coming along. Colored by the traditional custom prevalent at that time,
Shankara cried "Go, Go"-- "Move, Move!"
Even in a man-of-perfection there are careless moments when he gets
thrown out, and comes to function identifying with his body and mind. At such
moments he may unwittingly come to live mechanically the existing
customs and general values of his times - be they good or bad, be they right
or wrong. In the eyes of the Lord even this slip is inexcusable in his
" Oh! the best among twice born, by saying "move away- move away", do
you wish to move matter from matter, or you mean to separate Spirit
from Spirit". The lashing question of the apparent "sweeper" shocked
--- In SufiMystic@y...,
marcos lacerda wrote:
Rumi's poetry is really inspiring, is it not?
THE MAN(or Woman)OF GOD
The man of God is drunken without wine.
The man of God is sated without meat.
The man of God is distraught and bewildered.
The man of God has no food nor sleep.
The man of God is a king beneath Dervish robes.
The man of God is a treasure in a ruin.
The man of God is not of air or earth.
The man of God is neither of fire or water.
The man of God is a boundless Sea.
The man of God rains pearls without a cloud.
The man of God has a hundred moons and skies.
The man of God has a hundred Suns.
The man of God is made wise by the Truth.
The man of God is not learned from a book.
The man of God is beyond infidelity and religion.
To the man of God right and wrong are alike.
The man of God has ridden away from not-being.
The man of God is gloriously attended.
The man of God is concealed, Shamsuddin!
The man of God, do thy seek and find.
Hz.Mevlana Jalaluddin Rumi
Zen stories http://www.rider.edu/users/suler/zenstory/zenstory.html
A few years before I was born, my dad met a stranger who was new to our
small town. From the beginning, Dad was fascinated with this enchanting
newcomer, and soon invited him to live with our family.
The stranger was quickly accepted and was around to welcome me into the world
a few years later. As I grew up, I never questioned his place in our family.
Mom taught me to love the Word of God, and Dad taught me to obey it. But the
stranger was our storyteller. He could weave the most fascinating tales.
adventures, mysteries, and comedies were daily conversations. He could hold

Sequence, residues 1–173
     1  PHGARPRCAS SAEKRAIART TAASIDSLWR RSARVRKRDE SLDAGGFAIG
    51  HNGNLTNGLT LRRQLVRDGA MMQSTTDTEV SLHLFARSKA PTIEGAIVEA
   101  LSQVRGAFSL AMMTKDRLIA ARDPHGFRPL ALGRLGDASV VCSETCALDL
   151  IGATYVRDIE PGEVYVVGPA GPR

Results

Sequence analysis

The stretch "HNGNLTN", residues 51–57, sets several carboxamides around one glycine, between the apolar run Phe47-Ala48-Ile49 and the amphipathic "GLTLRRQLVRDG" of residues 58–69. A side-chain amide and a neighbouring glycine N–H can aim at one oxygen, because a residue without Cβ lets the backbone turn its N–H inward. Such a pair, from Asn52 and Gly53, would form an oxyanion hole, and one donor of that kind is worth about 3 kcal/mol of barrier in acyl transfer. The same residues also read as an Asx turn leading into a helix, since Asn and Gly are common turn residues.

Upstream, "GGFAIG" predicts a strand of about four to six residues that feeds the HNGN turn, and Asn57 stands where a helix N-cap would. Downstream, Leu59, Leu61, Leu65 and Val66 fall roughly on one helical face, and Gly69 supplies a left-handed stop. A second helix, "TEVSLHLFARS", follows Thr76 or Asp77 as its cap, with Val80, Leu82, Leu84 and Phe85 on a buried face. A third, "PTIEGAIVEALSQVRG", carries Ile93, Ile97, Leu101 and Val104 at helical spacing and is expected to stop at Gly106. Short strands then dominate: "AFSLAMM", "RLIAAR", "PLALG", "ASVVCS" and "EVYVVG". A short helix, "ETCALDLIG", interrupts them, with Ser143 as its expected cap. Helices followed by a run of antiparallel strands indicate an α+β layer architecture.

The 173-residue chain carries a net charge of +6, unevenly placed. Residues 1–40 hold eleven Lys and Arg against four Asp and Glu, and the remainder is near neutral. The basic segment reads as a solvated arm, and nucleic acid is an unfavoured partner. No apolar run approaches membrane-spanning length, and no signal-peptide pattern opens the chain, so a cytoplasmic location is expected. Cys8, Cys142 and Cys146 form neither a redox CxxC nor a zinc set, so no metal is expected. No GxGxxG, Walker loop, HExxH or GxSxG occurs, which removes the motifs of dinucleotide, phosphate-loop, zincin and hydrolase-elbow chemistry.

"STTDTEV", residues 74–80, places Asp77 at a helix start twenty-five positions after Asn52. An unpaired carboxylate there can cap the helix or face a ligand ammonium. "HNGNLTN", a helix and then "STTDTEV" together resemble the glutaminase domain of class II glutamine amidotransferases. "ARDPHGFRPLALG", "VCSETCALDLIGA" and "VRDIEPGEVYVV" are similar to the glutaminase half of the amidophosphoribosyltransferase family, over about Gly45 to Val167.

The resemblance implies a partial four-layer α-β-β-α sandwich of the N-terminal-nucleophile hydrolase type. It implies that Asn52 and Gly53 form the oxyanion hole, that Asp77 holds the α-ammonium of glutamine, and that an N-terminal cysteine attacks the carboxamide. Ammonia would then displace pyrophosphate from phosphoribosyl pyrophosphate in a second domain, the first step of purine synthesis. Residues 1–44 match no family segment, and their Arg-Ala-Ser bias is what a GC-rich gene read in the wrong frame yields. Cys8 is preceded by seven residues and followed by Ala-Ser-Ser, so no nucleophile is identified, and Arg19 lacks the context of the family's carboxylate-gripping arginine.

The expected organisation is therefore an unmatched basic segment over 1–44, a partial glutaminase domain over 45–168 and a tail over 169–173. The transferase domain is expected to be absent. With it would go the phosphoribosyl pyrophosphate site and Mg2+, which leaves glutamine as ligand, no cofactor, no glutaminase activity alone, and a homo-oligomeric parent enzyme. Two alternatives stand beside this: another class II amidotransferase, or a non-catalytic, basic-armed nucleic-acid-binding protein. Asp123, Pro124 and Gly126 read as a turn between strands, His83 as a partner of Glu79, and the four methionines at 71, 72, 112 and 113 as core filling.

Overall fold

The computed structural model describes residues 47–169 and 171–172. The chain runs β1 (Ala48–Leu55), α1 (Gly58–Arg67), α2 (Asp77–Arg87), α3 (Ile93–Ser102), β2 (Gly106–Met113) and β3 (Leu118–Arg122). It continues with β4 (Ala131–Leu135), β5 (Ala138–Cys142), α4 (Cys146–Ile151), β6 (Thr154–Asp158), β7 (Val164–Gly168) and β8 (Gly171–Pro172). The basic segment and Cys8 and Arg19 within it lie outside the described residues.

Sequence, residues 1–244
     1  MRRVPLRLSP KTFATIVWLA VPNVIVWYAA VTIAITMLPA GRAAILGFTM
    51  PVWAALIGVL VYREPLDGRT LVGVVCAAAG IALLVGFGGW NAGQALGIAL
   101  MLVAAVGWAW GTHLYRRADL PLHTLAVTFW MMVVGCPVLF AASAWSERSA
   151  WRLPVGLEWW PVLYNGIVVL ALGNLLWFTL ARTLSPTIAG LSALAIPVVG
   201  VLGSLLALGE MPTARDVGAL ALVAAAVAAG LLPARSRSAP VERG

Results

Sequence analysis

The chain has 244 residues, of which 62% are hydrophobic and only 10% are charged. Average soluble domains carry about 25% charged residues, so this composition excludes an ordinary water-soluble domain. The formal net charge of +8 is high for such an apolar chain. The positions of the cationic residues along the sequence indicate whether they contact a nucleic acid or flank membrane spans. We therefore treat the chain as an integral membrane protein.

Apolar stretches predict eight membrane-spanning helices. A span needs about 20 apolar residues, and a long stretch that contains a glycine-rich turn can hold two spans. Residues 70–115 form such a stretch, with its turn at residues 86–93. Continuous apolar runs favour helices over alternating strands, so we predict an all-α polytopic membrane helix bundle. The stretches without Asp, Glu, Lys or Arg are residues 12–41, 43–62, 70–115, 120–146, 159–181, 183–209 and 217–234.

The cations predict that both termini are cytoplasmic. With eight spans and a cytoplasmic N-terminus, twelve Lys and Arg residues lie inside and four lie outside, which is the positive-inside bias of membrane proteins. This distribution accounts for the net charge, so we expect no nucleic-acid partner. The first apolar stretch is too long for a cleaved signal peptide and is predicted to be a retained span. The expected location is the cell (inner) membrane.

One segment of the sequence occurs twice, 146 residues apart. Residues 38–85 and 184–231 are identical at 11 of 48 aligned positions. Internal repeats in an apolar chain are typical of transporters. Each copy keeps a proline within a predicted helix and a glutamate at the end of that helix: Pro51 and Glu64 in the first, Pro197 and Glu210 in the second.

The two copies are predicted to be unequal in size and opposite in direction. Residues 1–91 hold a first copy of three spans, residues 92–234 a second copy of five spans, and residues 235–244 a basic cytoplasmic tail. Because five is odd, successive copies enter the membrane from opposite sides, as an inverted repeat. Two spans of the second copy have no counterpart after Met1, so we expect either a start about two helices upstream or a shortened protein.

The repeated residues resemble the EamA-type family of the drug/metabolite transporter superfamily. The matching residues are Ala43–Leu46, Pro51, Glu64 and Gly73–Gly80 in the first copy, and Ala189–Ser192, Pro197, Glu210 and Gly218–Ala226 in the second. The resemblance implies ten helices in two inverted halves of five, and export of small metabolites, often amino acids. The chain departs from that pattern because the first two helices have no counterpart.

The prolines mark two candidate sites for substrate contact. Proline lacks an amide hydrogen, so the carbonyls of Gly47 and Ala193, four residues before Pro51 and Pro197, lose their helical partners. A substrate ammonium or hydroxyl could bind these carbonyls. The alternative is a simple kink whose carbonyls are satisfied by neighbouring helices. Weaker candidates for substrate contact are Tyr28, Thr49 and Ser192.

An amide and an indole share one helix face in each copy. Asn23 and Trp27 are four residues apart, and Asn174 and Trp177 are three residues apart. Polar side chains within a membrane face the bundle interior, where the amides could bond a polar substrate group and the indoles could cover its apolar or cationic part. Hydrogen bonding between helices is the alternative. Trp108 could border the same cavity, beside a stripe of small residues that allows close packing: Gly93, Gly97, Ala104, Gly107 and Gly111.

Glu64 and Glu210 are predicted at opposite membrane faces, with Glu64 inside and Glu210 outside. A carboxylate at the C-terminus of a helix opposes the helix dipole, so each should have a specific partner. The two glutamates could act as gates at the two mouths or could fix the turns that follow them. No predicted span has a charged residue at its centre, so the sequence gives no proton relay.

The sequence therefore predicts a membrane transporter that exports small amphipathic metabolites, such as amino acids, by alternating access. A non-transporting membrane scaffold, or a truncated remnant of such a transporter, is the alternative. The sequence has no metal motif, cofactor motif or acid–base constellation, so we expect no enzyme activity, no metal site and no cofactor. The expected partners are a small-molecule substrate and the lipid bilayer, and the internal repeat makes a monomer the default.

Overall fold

our whole family spellbound for hours each evening. He was like a friend to
the whole family.
He took Dad, my brother, and me to our first major league baseball game. He
was always encouraging us to see the movies and he even made arrangements to
introduce us to several movie stars.
The stranger was an incessant talker. Dad didn't seem to mind, but sometimes
Mom would quietly get up -- while the rest of us were enthralled with one of
his stories of faraway places-go to her room, read Bible, and pray.
I wonder now if she ever prayed that the stranger would leave. You see, my
Dad ruled our household with certain moral convictions. But this stranger
never felt an obligation to honor them.
Profanity, for example, was not allowed in our house -- not from us, from our
friends, or from adults. Our longtime visitor, however, used occasional four
letter words that burned my ears and made Dad squirm.
To my knowledge, neither of my parents ever confronted the stranger. My Dad
was a teetotaler who didn't permit alcohol in his home -- not even for
cooking. But the stranger felt like we needed exposure and enlightened us to
other ways of life. He offered us beer and other alcoholic beverages often.
He made cigarettes look tasty, cigars manly, and pipes distinguished. He
talked freely about sex. His comments were sometimes blatant, sometimes
suggestive, and generally embarrassing.
I know now that the stranger influenced my early concepts of the man/woman
relationship. As I look back, I believe it was the grace of God that the
stranger did not influence us more. Time after time, he opposed the values of
parents, yet my father seldom rebuked him and never asked him to leave.
More than thirty years have passed since the stranger moved in with us. But
if I were to walk into my parent's home today, I would still see him sitting
there waiting for someone to listen to his stories and watch him draw his
We always just called him..................TV
|DR. ROBERT PUFF|